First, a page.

Jozi, Jozi. Lots of rain. Low volumes last week. But that is usual for that time of the year. A good (if you are a bull) rally for global equity markets through December, that I guess might have caught a few folks off guard. In fact I am pretty sure that it did catch many off guard. I guess in the light of very little poor news, stock investors were ready to buy into what still looks like good value. Stick that in inverted commas if you must.
Oh yes, and I am not too big on this celebration, but Happy New Year to all. The Gregorian calendar is only 428 years old. There are lots of older calendars. The Chinese calendar for instance is over four and a half thousand years old. And because a lot of people use this in Asia (where 60 percent of the globe lives) I guess we should pay attention to that to. But, history is written by the victors and the Western World held most sway for much of the last five hundred years.
The best thing about this time of the year (other than having spent lots of time with family) is that one can use it as a time of reflection. Did I do the right job, have I done well enough, those sorts of questions that you should be asking. However, the one thing that always amazes me is the scoreboard aspect of our industry. And the use of a new calendar year to scrub this or that as it suits.
For me the same stock picks that we had last year is what we will have at the start of this year. Because, like our New Year’s message suggested, we are sticking with the same bunch of recommended stocks. BHP Billiton (JSE:BIL) did not change their strategy between Christmas and New Year. That is all. So if anyone asks me, what are my stock picks for the calendar year 2011, the answer will be pretty much the same as last year.
BUT, having said all of that, it is still *nice* to reflect on the gains made in specific sectors last year, and why one should be diversified. I can remember years gone by where all that was required was a little patience when holding some quality stocks. The problem is that when other sectors are flying and the stock that you are holding in one sector or another does “badly” then often the investor makes the mistake of selling. Provided you think that the stock/sector is still a quality one, with all the “right” credentials, stay the course. But I don’t need to tell you that, you knew it already, not so.
So, for the record, the Jozi All Share gained 16.1 percent last year, the main winners were retail, up nearly 56 percent. All majors ended in the green, the worst performer was the construction sector, which was up a paltry half a percent. The heaviest weighted index, the resource sector, added an underperforming 10.2 percent for the year. Banks did better than that, up 11 and three quarters of a percent. Industrials had a cracking year, up nearly 24 percent.
All in all, not bad for a year that had many distractions, Euro zone crisis after crisis, lurching from Greece to Ireland to Portugal to riots on the streets as austerity measures saw major pushback from citizens. Chinese inflationary concerns. US changes in government as citizens themselves lost the faith somewhat. Hey, I guess you could say awesome all things considered.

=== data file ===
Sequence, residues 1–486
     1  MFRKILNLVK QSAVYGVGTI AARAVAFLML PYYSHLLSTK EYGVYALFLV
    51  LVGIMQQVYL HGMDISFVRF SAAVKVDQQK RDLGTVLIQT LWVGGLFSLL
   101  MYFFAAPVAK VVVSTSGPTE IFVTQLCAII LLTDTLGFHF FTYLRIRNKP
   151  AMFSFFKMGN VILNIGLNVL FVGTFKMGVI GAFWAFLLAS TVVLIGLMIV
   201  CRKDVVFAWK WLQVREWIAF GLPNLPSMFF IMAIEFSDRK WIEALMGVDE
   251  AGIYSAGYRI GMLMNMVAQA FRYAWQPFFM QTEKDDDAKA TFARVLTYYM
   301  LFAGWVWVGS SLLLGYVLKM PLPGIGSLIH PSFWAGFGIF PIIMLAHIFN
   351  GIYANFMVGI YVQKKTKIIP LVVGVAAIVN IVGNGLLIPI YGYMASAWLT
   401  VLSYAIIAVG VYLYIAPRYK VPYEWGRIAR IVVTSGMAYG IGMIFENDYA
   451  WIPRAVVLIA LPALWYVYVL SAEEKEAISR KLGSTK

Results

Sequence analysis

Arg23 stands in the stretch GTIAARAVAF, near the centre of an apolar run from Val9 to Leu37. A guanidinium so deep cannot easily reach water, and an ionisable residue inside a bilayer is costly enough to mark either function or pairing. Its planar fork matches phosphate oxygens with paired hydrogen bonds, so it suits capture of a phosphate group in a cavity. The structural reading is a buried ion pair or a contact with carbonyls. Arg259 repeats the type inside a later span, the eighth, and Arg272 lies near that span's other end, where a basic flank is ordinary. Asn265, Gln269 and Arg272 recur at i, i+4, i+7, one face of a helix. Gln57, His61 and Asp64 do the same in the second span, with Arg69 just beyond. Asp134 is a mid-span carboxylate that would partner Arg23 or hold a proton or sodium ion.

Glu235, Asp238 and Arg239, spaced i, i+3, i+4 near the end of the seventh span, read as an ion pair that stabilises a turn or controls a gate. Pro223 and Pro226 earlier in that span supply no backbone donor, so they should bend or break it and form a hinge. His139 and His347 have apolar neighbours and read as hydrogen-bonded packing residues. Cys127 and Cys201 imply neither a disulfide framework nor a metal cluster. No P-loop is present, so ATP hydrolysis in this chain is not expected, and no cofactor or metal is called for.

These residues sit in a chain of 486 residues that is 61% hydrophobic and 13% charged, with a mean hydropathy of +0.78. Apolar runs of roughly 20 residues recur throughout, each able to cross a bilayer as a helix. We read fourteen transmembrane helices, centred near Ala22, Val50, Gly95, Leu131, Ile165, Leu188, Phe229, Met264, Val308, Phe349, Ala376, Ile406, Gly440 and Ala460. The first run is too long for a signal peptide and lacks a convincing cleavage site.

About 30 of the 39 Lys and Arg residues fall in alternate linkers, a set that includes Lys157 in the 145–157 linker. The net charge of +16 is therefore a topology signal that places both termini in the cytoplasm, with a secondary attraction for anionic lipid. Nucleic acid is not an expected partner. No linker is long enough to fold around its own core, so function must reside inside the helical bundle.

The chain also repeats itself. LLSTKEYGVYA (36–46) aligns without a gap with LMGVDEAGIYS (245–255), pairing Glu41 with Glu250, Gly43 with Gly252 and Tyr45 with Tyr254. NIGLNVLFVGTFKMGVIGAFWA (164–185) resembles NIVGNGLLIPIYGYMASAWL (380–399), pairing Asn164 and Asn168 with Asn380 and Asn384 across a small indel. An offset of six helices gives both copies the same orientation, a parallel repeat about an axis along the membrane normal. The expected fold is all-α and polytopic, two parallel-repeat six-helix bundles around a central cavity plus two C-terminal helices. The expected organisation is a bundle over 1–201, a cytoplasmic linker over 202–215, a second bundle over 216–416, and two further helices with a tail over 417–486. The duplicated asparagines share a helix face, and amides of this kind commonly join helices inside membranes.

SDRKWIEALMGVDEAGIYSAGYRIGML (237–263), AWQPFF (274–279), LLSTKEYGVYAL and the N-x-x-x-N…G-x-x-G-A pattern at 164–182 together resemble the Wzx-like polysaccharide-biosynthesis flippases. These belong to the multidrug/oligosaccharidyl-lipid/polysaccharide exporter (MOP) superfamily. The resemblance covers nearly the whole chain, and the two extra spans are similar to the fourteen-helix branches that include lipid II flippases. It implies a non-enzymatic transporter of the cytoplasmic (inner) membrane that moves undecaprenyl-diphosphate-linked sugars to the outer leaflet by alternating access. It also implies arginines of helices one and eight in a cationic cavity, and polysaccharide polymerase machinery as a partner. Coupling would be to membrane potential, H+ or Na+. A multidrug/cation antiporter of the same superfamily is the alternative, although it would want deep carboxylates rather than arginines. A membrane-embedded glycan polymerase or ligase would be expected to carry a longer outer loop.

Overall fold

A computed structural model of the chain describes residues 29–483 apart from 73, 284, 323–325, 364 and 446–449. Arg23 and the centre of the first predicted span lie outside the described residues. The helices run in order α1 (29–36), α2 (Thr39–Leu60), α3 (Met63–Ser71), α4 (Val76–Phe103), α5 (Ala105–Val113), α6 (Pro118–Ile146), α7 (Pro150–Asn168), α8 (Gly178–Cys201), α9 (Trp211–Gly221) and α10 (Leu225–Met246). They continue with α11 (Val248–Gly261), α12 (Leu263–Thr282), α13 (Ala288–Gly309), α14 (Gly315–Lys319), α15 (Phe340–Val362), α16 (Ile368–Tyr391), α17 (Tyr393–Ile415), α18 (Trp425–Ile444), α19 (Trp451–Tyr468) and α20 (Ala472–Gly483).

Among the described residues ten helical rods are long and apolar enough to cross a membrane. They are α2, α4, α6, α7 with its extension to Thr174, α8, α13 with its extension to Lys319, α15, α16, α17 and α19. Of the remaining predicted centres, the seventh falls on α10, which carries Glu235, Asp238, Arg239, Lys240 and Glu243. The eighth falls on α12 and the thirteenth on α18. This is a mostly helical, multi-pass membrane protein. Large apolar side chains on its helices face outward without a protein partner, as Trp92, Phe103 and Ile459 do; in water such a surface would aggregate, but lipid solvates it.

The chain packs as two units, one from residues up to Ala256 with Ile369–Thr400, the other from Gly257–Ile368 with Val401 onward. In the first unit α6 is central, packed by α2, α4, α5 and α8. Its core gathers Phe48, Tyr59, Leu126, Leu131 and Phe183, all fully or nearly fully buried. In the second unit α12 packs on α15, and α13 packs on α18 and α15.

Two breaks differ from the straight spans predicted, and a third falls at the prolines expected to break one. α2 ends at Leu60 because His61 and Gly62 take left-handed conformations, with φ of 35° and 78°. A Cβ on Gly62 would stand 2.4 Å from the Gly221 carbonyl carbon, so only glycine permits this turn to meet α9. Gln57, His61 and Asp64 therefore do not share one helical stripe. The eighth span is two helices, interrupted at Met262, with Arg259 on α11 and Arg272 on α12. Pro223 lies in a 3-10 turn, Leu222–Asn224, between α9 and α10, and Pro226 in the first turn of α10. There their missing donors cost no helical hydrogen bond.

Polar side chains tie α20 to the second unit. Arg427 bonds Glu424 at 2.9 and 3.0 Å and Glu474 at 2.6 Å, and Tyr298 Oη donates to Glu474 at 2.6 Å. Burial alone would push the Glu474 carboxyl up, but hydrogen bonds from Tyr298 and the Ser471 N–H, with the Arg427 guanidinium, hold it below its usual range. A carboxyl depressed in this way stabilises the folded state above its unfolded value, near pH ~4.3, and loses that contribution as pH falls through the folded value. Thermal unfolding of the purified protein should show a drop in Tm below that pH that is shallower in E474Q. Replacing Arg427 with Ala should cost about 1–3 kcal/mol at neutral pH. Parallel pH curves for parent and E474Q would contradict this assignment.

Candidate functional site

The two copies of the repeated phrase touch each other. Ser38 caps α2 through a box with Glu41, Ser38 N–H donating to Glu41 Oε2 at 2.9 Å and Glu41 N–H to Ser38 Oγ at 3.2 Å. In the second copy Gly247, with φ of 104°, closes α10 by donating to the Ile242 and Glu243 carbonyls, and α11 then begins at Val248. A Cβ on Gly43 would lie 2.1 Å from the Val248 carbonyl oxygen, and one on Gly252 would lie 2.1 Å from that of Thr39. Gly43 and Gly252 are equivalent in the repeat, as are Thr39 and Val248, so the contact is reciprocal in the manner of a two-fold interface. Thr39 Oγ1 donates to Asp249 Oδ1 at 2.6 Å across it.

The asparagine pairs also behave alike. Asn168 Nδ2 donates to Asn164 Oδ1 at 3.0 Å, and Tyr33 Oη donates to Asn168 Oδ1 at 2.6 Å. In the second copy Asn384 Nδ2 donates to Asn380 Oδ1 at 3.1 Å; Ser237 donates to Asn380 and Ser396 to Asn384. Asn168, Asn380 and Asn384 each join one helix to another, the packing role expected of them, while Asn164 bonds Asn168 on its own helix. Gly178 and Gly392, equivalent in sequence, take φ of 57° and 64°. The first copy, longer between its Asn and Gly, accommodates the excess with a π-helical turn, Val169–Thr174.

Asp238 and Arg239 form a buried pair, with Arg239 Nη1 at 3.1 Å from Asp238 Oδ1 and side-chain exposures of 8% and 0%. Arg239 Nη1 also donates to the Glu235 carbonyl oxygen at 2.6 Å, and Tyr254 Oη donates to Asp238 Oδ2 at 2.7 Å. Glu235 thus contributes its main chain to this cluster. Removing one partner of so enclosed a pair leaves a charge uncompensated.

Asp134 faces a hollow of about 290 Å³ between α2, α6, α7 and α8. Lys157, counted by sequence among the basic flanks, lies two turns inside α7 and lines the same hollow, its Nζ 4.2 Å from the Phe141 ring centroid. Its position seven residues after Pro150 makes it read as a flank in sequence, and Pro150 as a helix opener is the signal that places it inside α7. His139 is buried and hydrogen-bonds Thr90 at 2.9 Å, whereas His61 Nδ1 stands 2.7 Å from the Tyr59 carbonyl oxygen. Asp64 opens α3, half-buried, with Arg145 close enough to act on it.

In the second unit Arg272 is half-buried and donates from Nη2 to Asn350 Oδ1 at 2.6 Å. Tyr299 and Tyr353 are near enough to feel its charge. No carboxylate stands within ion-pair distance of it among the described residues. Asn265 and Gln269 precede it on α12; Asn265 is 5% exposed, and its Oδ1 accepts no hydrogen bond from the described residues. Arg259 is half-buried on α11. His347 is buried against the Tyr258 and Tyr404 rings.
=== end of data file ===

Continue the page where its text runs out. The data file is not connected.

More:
Ye olde world. Out with the Kroon and in with the Euro. Estonia enters the EU, as at Saturday morning. See that, nobody leaving. Now, if PIMCO and their prognosis of the EU debt “crisis” are right then I guess that an entry at this stage looks a little laughable, but these EU membership form application to entry take a long time. Wiki suggests that the entry to the Euro zone might have been earlier, but inflation out of the guidelines (adhered to when the going was good) was too high and as such there was a delay.
For much of the last decade GDP in Estonia grew at a staggering 7 percent and above, topping 10 percent in both 2000 and 2006, but the great pity period from 2008 through 2009 saw the economy contract sharply. But the time seems right for this small country, which numbers less than one and a quarter million people and will make up less than a quarter of a percent of EU GDP. And perhaps lay to rest the notions that the Euro is finished or floundering or whatever. I hate that, “whatever”…….
Remember that song, take a holiday in Spain by the fellows from Counting Crows? One of my favourite bands, one of my favourite songs, nice and peaceful. Yes. Counting crows. Well, Spain in focus this morning as that country adopts what look like (and are being reported as such) as the toughest smoking laws in Europe.
No more smoking in bars, restaurants, public parks, school playgrounds (I thought that happened behind the tuck shop) and basically in all public places. So what you say, smokers will continue to smoke at home. But again, if the product you sell is being restricted, is that a good or bad thing? Bad of course, imagine being told where you can drink coffee or your favourite soda. We continue to think that long term, the tobacco industry is a bad investment. That is our thesis.